January in Israel! Love it!
Nice to come home to warm weather! Tomorrow evening we have our study and Livestream. Sunday we head for Helsinki and Romania.
This week’s Torah portion is Parashat Yitro. The text is Exodus 18:1-20:23. Here is a brief commentary from Baruch:
In this week’s Torah portion, the Ten Commandments are read. The first commandment is introduced with the words,
“I am HaShem your G-d Who brought you forth out of Egypt, from the house of slavery.” Exodus 20:2
In some ways the statement, “I am HaShem your G-d” sounds like an introduction, that is, the L-rd is making Himself known to Israel. Did not the Children of Israel know Whom HaShem was before Mount Sinai? There is a significant difference between knowing that G-d exists and the type of relationship that Israel was being called to experience at Sinai. Why does the verse state, “I am HaShem your G-d“, instead of simply, “I am G-d“? The answer is that the sacred name of G-d appears in this sentence י-ה-ו-ה. This name relates to G-d in a way that transcends human experience. The name refers to knowing the L-rd in a way that is solely dependent upon divine revelation. It is very important that the Exodus is mentioned in the second half of this verse. As I have stated many times previously, there is an inherent relationship between HaShem bringing the Children of Israel out of Egypt and Redemption.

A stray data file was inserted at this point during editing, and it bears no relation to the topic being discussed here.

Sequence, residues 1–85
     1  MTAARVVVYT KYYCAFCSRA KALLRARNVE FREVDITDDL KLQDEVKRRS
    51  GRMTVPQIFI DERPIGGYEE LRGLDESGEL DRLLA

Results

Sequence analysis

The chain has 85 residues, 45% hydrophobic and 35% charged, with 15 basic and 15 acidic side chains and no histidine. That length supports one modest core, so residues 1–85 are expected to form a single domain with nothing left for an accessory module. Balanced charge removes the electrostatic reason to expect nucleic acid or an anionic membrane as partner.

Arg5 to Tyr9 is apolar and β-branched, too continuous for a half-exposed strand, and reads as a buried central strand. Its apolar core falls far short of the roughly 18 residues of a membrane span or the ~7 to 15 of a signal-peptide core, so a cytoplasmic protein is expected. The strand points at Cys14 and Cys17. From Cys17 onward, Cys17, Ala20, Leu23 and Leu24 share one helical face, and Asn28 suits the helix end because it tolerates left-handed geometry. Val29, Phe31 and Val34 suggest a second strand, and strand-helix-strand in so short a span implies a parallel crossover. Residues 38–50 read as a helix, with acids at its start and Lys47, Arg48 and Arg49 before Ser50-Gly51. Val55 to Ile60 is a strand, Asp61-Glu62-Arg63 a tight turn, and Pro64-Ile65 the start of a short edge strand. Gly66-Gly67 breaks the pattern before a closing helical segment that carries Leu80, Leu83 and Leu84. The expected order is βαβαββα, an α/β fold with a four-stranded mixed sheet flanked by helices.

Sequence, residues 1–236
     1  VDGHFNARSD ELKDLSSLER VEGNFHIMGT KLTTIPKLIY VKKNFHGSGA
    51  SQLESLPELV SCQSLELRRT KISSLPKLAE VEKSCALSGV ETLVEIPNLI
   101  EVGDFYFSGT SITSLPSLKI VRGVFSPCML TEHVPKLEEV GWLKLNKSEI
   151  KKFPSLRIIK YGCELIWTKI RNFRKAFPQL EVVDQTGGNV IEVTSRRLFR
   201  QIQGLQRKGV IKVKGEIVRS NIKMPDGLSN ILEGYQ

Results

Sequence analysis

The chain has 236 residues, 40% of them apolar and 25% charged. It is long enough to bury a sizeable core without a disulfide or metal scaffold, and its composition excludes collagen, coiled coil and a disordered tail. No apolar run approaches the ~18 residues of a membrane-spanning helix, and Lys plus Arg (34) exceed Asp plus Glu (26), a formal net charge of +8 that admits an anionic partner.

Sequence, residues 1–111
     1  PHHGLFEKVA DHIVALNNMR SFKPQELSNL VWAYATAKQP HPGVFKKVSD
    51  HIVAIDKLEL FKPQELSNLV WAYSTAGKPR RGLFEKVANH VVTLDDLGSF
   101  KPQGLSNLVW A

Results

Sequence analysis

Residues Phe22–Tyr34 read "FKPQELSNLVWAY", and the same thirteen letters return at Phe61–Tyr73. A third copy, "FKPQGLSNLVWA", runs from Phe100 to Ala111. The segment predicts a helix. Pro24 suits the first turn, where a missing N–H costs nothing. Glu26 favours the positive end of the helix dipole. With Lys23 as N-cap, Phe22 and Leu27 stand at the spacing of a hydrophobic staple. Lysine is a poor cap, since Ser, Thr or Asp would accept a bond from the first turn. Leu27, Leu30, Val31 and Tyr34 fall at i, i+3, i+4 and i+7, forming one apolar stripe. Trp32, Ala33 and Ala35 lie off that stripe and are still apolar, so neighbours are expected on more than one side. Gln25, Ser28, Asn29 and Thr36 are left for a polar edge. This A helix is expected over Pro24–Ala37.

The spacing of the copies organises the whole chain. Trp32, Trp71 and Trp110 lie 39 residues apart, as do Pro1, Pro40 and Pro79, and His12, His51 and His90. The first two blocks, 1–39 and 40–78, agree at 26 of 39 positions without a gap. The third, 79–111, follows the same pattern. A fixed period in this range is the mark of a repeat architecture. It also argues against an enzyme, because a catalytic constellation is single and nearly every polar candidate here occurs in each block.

The point here is that it is only by means of the experience of redemption that an individually can know G-d in a personal manner. HaShem had not stated before, “I am HaShem your G-d” until He had brought the Congregation of Israel out of Egypt and to Mount Sinai. HaShem had led the people to Mount Sinai in order that they should worship Him. Redemption is not the purpose, but rather an initial event that is foundational for the primary objective to be fulfilled which is worship. Israel did not worship in Egypt, as those in bondage are not free to worship. Worship demands certain things to be in place for it to be a reality for an individual. Bondage to sin renders one unable to worship as does being in a wrong environment. In short, because G-d wanted His people to worship Him, He moved in a manner that brought about changes in their lives so they were in the right location and in the right condition to worship Him.
Are there changes that must be made in your life so that you can truly worship Yeshua? Your first response might be no; however remember that the Hebrews did not immediately cry out to HaShem to depart from Egypt. It was only after they began to suffer, that they asked HaShem to deliver them from their slavery. Do not wait until the troubles of sin in your life begin to afflict you before you examine your life.
Every synagogue in the world will read the Ten Commandments this Shabbat morning. May I suggest that you also read with special attention the Ten Commandments and then Yeshua’s Sermon on the Mount (Matthew chapters 5-7). I am sure after prayerfully reflecting on these two passages that you and I will find the need for more changes in our lives than we initially thought.